I was 11 years old, St Winifred’s School Choir were No 1 in the charts with a song thousands of grannies would soon be receiving, and I was giddy with anticipation as I spied a present the Elves had carefully wrapped.
‘Mum, dad, it looks like a Subbuteo box!’ I was practically jumping up and down by this stage. And indeed it was, but not just any Subbuteo box. The World Cup version, with electronic scoreboard and floodlights.
‘One Father Christmas, there’s only one Father Christmas, one Faaaaaather Christmas.’
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A different age, obviously. A more innocent era to grow up in, definitely. A better age, a better era? Well, we all think our childhoods are better than anyone else’s, don’t we?
I loved my Subbuteo set, my friends and I played for hours. We organised tournaments, during which we dosed ourselves up on a thousand E numbers. It’s hard not to stroll down memory lane, at certain times, without a tear being pushed down a cheek for a period of our lives we’ll never get back …
Much has changed in the subsequent 40 years since Santa allowed me to Flick to Kick. Kids’ attention spans, for instance. When my own son was around 11 or 12, I introduced him to Subbuteo.
‘Dad, why I would want to play this? It looks booooooring! Why can’t I carry on playing FIFA on my PlayStation?’
‘Look, this is the game I loved when I was your age. My friends and I played it for hours.’
‘Well, they must have been boooooooring friends!’
‘Sush, anyway I had an electric scoreboard, it was great.’
‘What, you had something electronic all those years ago? Was it like the one I saw at Wembley?
(As I’m a good dad, I had treated Ben to a day out at the national stadium in 2008, to watch Exeter beat Cambridge in the non-league play-off final. He didn’t enjoy it as much as I did).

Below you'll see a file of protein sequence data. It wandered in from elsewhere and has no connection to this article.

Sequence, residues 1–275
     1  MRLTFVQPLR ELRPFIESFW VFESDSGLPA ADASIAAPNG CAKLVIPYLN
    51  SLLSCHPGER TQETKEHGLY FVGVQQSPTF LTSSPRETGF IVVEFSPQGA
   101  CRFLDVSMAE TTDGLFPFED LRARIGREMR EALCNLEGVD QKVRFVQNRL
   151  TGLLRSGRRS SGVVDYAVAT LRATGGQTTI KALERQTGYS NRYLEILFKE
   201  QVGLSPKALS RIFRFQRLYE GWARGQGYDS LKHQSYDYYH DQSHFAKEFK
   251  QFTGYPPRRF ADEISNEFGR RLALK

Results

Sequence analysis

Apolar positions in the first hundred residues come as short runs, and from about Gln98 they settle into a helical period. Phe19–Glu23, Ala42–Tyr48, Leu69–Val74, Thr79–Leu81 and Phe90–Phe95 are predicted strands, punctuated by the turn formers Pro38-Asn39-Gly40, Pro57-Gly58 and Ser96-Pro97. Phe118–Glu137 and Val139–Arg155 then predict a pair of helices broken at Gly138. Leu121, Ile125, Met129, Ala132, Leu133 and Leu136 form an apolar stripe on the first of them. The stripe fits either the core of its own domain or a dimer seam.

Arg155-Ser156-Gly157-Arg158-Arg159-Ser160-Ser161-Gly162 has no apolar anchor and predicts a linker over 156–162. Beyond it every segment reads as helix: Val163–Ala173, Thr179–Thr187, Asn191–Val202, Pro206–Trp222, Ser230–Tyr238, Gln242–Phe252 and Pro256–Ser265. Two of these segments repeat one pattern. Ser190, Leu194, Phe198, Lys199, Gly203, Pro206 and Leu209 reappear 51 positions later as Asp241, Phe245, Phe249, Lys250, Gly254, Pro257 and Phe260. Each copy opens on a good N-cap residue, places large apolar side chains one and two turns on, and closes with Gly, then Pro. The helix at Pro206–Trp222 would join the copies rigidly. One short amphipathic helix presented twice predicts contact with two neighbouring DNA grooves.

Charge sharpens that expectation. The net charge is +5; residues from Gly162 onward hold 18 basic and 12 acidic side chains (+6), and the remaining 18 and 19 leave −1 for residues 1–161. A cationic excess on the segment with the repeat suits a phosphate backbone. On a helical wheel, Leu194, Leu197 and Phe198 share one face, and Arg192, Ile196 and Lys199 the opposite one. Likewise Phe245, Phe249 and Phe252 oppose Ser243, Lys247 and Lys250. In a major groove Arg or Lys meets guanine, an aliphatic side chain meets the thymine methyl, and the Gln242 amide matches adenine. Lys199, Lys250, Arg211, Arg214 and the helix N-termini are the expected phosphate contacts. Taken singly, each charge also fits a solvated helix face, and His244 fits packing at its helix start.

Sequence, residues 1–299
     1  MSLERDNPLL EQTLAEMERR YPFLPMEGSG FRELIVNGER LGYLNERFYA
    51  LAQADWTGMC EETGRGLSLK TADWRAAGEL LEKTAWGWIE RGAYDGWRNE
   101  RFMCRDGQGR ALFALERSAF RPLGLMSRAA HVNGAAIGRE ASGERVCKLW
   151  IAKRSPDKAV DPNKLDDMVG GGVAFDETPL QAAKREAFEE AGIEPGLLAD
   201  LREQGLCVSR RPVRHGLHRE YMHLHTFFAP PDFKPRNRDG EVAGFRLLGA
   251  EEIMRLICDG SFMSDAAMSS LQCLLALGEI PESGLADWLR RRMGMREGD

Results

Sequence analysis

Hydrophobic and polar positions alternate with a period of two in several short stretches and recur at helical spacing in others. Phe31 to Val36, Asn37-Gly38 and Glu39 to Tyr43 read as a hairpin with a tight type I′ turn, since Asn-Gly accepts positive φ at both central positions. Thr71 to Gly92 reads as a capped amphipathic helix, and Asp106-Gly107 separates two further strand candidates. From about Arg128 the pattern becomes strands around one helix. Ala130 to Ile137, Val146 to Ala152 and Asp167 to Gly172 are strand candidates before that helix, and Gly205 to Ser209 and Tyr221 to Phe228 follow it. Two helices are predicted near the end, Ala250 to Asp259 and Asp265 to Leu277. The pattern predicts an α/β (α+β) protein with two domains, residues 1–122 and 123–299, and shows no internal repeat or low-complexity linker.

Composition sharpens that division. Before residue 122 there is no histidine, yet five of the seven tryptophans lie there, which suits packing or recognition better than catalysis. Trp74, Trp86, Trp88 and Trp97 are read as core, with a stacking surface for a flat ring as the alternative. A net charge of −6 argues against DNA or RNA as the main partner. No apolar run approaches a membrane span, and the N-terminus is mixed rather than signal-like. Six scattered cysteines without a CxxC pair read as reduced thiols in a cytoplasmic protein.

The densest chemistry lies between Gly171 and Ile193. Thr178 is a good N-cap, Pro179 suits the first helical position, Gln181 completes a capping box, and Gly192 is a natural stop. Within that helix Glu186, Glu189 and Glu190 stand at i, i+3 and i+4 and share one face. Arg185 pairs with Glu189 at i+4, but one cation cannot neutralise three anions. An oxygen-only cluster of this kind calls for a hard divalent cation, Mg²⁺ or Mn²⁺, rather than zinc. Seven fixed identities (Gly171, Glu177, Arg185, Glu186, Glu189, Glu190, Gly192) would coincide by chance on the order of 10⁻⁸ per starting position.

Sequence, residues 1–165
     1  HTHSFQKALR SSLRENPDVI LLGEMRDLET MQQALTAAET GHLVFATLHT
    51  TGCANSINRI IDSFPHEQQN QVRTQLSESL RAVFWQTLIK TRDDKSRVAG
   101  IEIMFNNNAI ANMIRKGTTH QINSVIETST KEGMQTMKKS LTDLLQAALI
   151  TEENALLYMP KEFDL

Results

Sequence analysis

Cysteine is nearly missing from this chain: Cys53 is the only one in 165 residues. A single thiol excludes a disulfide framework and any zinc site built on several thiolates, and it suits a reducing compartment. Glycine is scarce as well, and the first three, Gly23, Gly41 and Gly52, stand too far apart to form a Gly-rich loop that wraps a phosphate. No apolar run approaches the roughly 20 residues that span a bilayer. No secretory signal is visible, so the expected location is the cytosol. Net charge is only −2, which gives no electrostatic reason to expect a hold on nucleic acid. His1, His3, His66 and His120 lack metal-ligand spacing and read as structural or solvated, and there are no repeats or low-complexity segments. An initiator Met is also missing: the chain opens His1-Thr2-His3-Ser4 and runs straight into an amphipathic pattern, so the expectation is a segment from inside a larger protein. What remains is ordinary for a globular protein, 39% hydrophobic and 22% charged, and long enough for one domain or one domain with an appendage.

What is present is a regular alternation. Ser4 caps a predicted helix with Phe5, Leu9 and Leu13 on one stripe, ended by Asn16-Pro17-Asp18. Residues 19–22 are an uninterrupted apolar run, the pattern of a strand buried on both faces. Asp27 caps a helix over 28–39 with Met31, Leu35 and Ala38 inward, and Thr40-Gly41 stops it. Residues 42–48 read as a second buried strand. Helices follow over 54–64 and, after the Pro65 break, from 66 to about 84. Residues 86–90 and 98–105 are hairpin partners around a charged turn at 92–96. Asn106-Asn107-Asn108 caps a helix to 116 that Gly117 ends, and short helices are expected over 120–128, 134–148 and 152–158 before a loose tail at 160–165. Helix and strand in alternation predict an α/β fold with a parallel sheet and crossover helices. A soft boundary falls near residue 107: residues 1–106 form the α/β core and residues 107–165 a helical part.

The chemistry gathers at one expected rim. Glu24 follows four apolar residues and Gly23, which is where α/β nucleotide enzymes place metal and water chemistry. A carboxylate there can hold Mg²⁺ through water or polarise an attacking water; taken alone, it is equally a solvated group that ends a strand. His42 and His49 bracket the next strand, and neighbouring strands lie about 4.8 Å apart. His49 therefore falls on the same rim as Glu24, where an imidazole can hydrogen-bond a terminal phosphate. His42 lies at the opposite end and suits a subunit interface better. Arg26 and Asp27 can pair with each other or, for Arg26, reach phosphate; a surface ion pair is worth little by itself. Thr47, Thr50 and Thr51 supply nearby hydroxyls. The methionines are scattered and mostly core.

‘Er, no, not quite. Well, er, my electronic scoreboard wasn’t actually, er, that electronic.’
‘Dad, what do you mean?
‘Er, you had bits of paper with team names written on them in an electronic-type font and you slid them into place on the scoreboard. To make it look realistic.’
By this stage, I knew Ben’s Subbuteo career would have a similar time length to that of Ali Dia’s real football one at Southampton in 1996.
‘So dad, not electronic at all then?’
‘Well, er, no.’
‘Muuuuuuuum, dad’s making me play a really booooooring game!’
‘Si, let him play FIFA - he’s not interested in your game. And anyway, it does look boring.’
Growing up, in the late 70s and early 80s, Santa was great. He wore red and white, which were Exeter’s colours. And for a number of years, without fail, he would deliver fantastic footie presents. That and chocolate, which was more than fine by me.
There were always six or seven presents exactly the same size. Football annuals. I was a voracious reader when I was a kid. Still am, come to think of it. By the mid-80s I had amassed a large volume of annuals - Topical Times, Shoot!, Match Weekly, Score, Roy of the Rovers, Scoop, Scorcher. There were even annuals dedicated to Kevin Keegan and Kenny Dalglish.
Keegan was the undoubted king of commercialism back then. He advertised a swathe of products, including aftershave and radios. He was used in advertising series promoting the Green Cross Code and kidney donor cards. His face adorned Lyons Maid lollies, rub down transfers, boxes of breakfast cereals and slippers. He even released a record. Really, CR7 has nothing on Kevin Keegan when it comes to self-promotion.
Kenny Dalglish, however, was my boyhood idol. I had a Liverpool shirt with his No 7 on the back. I cut up newspapers and magazines to compile scrapbooks all about him. His was the one Panini sticker I cherished above all others (apart from the Exeter City team group in the 1981/82 season).
One year, Santa kindly delivered a Kenny Dalglish Football Game. A table top game with players that swivelled by turning their bodies, it had first been manufactured by Casdon Games in the 1960s with Bobby Charlton putting his name to it. Keegan must have been busy splashing Brut all over with Henry Cooper when Casdon rang him. My friends and I spent hours playing this too. We never once thought we were boring.